Pro-Western Parties in Talks Over New Ukraine Government
The Wall Street Journal
By Nich Schetko and Paul Sonne
President Petro Poroshenko ’s political party began hashing out a coalition deal with two other pro-Europe factions Monday, as the country awaited the final results of its first parliamentary election since plunging into crisis early this year.
Preliminary tallies showed that Sunday’s vote delivered a victory to moderate, pro-European parties such as Mr. Poroshenko’s, while dealing a blow to extreme nationalists who gained visibility amid Ukraine’s political tumult.
The results also marked a further decline in the political fortunes of former Prime Minister Yulia Tymoshenko, who lost to Mr. Poroshenko in the presidential election in May. The preliminary results showed her Fatherland party just scraping by the 5% threshold to win a faction in parliament.
Meanwhile, a party formed by past allies of former President Viktor Yanukovych, who fled to Russia in February after months of mass protests against his government, performed stronger than expected—forming a significant Russia-leaning opposition.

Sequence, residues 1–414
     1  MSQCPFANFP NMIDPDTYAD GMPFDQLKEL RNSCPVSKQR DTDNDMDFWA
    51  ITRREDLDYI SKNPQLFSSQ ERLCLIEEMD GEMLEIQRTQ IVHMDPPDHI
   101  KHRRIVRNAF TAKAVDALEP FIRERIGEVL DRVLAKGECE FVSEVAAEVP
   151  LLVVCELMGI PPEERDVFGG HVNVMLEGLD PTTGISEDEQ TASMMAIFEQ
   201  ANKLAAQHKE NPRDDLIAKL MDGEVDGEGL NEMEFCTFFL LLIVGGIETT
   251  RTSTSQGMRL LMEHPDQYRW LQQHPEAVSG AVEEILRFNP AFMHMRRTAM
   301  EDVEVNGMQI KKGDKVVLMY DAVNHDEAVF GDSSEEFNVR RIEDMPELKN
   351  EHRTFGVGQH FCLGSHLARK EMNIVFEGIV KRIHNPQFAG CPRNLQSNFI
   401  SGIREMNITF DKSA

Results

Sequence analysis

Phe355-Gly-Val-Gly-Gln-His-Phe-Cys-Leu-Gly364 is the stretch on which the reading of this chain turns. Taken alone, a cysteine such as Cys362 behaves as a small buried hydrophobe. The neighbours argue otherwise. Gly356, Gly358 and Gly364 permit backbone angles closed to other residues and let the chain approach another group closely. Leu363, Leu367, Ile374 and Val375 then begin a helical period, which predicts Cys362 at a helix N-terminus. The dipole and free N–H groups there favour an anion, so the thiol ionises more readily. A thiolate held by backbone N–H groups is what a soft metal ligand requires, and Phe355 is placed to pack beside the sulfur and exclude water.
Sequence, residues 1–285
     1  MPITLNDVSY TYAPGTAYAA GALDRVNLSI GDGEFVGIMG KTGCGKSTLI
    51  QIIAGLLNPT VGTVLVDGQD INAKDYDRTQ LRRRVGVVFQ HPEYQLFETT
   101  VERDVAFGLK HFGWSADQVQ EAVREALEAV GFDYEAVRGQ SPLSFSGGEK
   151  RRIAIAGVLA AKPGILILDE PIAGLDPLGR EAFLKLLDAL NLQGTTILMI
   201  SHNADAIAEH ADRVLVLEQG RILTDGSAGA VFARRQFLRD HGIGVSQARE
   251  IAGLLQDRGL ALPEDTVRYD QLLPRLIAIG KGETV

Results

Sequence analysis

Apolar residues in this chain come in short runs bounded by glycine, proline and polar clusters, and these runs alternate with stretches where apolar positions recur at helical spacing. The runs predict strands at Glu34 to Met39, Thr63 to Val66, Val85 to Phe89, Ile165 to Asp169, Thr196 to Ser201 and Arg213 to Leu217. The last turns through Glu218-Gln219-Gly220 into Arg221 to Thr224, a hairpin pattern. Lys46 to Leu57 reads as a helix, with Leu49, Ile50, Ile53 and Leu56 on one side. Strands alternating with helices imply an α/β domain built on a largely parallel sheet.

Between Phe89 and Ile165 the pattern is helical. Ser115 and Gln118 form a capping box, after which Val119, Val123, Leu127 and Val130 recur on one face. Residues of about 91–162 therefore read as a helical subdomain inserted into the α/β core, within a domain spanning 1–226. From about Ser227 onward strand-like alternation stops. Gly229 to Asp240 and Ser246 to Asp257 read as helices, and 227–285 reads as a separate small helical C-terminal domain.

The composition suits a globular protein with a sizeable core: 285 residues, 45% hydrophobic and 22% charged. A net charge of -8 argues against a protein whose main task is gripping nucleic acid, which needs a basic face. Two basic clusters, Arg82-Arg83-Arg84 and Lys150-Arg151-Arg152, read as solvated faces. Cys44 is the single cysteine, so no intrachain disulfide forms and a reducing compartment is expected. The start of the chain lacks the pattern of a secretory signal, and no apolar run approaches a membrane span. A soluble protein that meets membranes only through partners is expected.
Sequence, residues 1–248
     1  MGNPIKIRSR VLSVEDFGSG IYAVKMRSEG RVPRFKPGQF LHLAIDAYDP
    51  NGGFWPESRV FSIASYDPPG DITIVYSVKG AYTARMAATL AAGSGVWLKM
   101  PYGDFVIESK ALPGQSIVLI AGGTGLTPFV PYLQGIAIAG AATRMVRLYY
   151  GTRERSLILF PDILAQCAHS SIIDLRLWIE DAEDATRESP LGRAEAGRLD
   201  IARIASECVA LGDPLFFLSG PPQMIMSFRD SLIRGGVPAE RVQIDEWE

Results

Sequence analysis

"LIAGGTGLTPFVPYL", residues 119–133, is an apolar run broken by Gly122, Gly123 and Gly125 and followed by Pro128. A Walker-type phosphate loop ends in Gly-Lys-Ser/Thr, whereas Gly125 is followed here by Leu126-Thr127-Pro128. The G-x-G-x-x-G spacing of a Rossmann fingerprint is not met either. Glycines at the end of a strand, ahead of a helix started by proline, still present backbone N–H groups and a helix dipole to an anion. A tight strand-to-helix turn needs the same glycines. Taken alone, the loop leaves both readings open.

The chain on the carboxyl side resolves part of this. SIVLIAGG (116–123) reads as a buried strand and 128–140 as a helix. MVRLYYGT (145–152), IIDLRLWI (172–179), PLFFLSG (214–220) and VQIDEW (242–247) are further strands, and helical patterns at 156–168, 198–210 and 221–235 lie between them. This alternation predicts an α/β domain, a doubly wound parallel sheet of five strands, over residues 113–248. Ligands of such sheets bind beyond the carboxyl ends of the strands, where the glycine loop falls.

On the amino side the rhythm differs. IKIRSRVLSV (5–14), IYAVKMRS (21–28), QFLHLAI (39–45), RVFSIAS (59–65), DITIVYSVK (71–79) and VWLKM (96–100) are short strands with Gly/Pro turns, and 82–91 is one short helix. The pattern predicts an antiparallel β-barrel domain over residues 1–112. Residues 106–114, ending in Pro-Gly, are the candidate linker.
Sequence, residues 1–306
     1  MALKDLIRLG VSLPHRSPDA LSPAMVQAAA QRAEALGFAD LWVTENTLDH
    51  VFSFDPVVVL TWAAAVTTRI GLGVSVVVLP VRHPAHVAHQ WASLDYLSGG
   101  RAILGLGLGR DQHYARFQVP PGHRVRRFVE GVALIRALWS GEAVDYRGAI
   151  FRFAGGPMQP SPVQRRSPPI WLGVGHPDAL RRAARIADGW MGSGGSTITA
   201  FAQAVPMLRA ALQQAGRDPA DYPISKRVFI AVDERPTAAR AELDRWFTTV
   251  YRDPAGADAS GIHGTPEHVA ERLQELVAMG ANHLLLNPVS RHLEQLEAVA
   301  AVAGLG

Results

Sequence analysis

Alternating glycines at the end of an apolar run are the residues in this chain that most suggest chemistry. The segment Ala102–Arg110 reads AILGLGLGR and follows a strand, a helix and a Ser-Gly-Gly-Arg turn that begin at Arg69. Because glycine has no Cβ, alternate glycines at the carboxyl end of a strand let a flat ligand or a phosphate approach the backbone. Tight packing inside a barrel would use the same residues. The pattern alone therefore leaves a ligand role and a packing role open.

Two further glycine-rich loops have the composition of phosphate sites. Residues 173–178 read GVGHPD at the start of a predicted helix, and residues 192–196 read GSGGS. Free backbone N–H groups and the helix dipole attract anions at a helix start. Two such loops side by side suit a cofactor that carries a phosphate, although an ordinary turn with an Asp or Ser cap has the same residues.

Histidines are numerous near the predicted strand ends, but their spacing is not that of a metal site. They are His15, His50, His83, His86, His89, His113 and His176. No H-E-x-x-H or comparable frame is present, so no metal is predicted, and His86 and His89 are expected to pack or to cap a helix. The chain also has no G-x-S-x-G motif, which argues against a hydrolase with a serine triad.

As officials continued to tally the votes, Mr. Poroshenko’s party was locked in negotiations with Prime Minister Arseniy Yatsenyuk and Lviv Mayor Andriy Sadovyi, whose parties fared better than expected. The three parties looked set to win enough seats to form a majority without needing other partners.
“The head of state is engaged in forming a powerful democratic coalition in parliament,” Mr. Poroshenko’s spokesman, Svyatoslav Tsegolko, wrote on Facebook late Monday, noting that the president had met Mr. Yatsenyuk and Mr. Sadovyi. “The negotiations are ongoing.”
The vote ushers in Ukraine’s first overwhelmingly pro-Europe parliament since the former-Soviet republic became independent in 1991. The result also serves as a rough stamp of approval for the current government as it struggles to cope simultaneously with an armed conflict in the east and a downward economic spiral.
But some of the hardest months may be ahead. Since the spring, Ukrainian authorities have been fighting Russia-backed separatists in the Donetsk and Luhansk regions. Hundreds of deaths have been recorded there since a cease-fire brokered Sept. 5, according to the U.N., raising the prospect of a return to all-out fighting.